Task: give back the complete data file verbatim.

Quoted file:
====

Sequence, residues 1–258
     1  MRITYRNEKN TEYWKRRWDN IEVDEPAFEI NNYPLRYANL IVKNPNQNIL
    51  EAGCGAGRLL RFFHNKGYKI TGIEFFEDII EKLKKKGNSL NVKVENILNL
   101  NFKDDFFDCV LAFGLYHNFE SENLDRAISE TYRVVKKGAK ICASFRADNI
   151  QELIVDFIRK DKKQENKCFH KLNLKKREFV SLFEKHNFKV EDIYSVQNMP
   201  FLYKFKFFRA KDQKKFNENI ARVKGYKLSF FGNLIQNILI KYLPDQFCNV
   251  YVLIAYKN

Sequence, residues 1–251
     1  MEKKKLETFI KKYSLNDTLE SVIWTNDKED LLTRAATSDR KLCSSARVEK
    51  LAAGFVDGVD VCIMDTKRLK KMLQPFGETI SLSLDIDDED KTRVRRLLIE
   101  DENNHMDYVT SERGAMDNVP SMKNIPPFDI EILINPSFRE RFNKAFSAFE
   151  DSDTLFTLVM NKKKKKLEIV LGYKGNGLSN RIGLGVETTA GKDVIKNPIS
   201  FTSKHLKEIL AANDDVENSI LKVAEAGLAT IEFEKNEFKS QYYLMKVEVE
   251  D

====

Sequence, residues 1–258
     1  MRITYRNEKN TEYWKRRWDN IEVDEPAFEI NNYPLRYANL IVKNPNQNIL
    51  EAGCGAGRLL RFFHNKGYKI TGIEFFEDII EKLKKKGNSL NVKVENILNL
   101  NFKDDFFDCV LAFGLYHNFE SENLDRAISE TYRVVKKGAK ICASFRADNI
   151  QELIVDFIRK DKKQENKCFH KLNLKKREFV SLFEKHNFKV EDIYSVQNMP
   201  FLYKFKFFRA KDQKKFNENI ARVKGYKLSF FGNLIQNILI KYLPDQFCNV
   251  YVLIAYKN

Sequence, residues 1–251
     1  MEKKKLETFI KKYSLNDTLE SVIWTNDKED LLTRAATSDR KLCSSARVEK
    51  LAAGFVDGVD VCIMDTKRLK KMLQPFGETI SLSLDIDDED KTRVRRLLIE
   101  DENNHMDYVT SERGAMDNVP SMKNIPPFDI EILINPSFRE RFNKAFSAFE
   151  DSDTLFTLVM NKKKKKLEIV LGYKGNGLSN RIGLGVETTA GKDVIKNPIS
   201  FTSKHLKEIL AANDDVENSI LKVAEAGLAT IEFEKNEFKS QYYLMKVEVE
   251  D